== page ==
Can My Loved One Go to a SNF?

This article discusses the requirements for Skilled Nursing Facility admission, advocating for your loved one as a medical professional, and alternatives when SNF is not appropriate. Nurses General Nursing Knowledge

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Can My Loved One Go to a SNF?

When a loved one is admitted to the hospital, it can be a nerve-wracking experience, even for those in the medical field. Typically, the main concern for the patient and the family is the patient's current condition.

  • What is the diagnosis?
  • How is my loved one responding to treatment?
  • How serious is their condition?

These are all valid questions and important ones to ask.

Another vital question to ask is: What is the discharge plan? It is sometimes assumed that an elderly patient will automatically be discharged to a Skilled Nursing Facility (SNF). This is where the complications can start, especially if you or your loved one needs clarification about SNF admission rules. Understanding that a patient must be eligible for SNF admission is essential.

Before diving into eligibility for SNF admission, let's first look at the differences between a Skilled Nursing Facility (SNF) and a nursing home.  A SNF is not to be confused with a nursing home, although healthcare providers sometimes interchange these terms. They are not equal.

What is a Nursing Home?

A nursing home is a residential facility for seniors or those with physical or cognitive disabilities who can no longer live at home. A nursing home may or may not be covered by insurance. A nursing home will be the appropriate discharge location for your loved one if they:

  • Require a long-term residential stay
  • Are medically stable with no change in physical abilities
  • Can receive outpatient medical care

What is a SNF?

A SNF is a post-acute medical and rehabilitation facility providing skilled nursing care. A SNF stay is covered by insurance. A SNF will be the appropriate discharge location for your loved one if they:

  • Require a short-term medical stay
  • Need inpatient medical care and nursing care
    • IV therapies
    • Wound care
    • Close medical monitoring
  • Need one or more types of therapy
    • Physical therapy
    • Occupational therapy
    • Speech therapy

These services must be provided for a condition for which the patient was recently hospitalized. Sometimes, a patient's Primary Care Physician (PCP) can request direct admission to SNF, but the same requirements apply.

Who Can Go To a SNF?

The Centers for Medicare and Medicaid's (CMS) Medicare Benefit Policy Manual, Chapter 8, section 30, contains the roadmap determining if a patient is eligible for SNF admission. This section of the CMS guidelines is lengthy, so let's simplify it.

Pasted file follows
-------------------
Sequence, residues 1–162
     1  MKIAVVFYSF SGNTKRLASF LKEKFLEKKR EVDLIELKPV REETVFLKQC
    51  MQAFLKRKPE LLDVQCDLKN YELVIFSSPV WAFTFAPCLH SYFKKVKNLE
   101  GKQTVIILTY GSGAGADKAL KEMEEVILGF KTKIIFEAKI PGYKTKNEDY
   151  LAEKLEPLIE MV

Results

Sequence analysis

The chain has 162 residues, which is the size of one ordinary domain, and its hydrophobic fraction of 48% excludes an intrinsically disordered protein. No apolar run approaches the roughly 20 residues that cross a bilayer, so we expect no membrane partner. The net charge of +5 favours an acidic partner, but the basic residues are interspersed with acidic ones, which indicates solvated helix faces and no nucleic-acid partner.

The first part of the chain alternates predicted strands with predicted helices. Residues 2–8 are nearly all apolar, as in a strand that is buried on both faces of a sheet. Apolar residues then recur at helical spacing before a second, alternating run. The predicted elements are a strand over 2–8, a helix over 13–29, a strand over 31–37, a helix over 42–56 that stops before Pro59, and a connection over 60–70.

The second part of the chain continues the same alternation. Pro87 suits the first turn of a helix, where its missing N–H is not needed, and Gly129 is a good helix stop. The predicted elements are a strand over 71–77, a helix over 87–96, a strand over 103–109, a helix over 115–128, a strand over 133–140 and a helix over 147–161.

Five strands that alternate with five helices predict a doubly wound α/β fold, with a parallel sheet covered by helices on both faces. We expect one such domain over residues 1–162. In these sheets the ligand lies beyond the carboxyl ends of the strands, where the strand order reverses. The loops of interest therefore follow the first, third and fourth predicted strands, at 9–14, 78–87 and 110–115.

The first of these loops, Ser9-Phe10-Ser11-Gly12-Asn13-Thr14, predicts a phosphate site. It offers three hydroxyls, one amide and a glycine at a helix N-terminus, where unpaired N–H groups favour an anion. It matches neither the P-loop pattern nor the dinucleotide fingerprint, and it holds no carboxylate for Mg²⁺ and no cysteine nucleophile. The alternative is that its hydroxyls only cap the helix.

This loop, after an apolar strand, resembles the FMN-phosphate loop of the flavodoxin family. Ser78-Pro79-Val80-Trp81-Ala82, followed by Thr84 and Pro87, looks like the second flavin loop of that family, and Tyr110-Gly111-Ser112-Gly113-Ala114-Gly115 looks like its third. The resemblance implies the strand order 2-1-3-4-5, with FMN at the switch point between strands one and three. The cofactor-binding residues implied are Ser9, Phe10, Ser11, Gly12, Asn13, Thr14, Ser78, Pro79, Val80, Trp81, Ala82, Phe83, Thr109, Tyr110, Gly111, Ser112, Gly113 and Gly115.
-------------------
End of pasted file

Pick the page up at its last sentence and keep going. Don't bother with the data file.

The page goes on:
A patient is eligible for SNF admission if:

  • The patient is unable to do things they did before hospitalization – getting up from a chair, walking, going to the bathroom, bathing, or dressing, AND there is room for improvement
  • The patient requires one or more IV medications that cannot be managed at home
  • The patient has extensive wound care needs
  • The patient and/or their family require teaching for PEG tube feedings

You can find a copy of this section on the CMS website here.

How Can You Advocate for Your Loved One?

If you believe your loved one needs to go to a SNF based on the criteria above, it is essential that you advocate for your family member. This should be done early in the hospitalization. Remember, nursing educators drilled one thing into our heads during nursing school – discharge planning starts on admission. 

It is crucial that you discuss the following with the healthcare team:

  • Describe what your loved one was able to do before hospitalization – were they fully independent and driving, or did they require less help than they do now?
  • Request physical and occupational therapy evaluations – these are critical to approval based on rehabilitation needs
  • Explain the setup of your loved one's home – number of stairs to get inside, how many levels the home is, location of the bedroom and bathroom
  • Discuss caregiver availability – Does the patient live alone or with someone? Who is the primary caregiver, and is that person available 24/7?

What if SNF is Not the Right Place to Go?

If you find that SNF is not an appropriate discharge plan for your loved one, there are additional steps you can take to help ensure a safe discharge.

  • Talk with your other family members, friends, and neighbors to determine who can help your loved one at home – come up with a schedule to reduce the risk of burnout
  • Consider adult/senior day programs – these programs can bridge the gap while the caregiver is at work
  • Look into respite care programs – these programs give caregivers time to handle tasks such as grocery shopping, running errands, or even going to the gym

Key Takeaways

Hospitalization can be scary for the patient and the family and become more so when the discharge plan is unclear. As medical professionals, we must remind ourselves that discharge planning starts at admission. We must understand and help our loved ones understand what appropriate options may be available upon discharge from the hospital. In some cases, Skilled Nursing Facility admission will be the most appropriate discharge plan, while in others, it will not.

Stephanie Catalan, BSN, RN


Medicare Benefit Policy Manual: Centers for Medicare & Medicaid Services

Stephanie Catalan, RN, has 14 years of nursing experience and clinical background in Medical-Surgical, Stroke, Neurological, and Intermediate Care nursing. For the past 11 years, she has worked within Managed Care Organizations (MCOs) in various roles, including CM, UM, PA, and Clinical Quality.

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Specializes in Oceanfront Living.

Please elaborate on what insurance covers SNFs.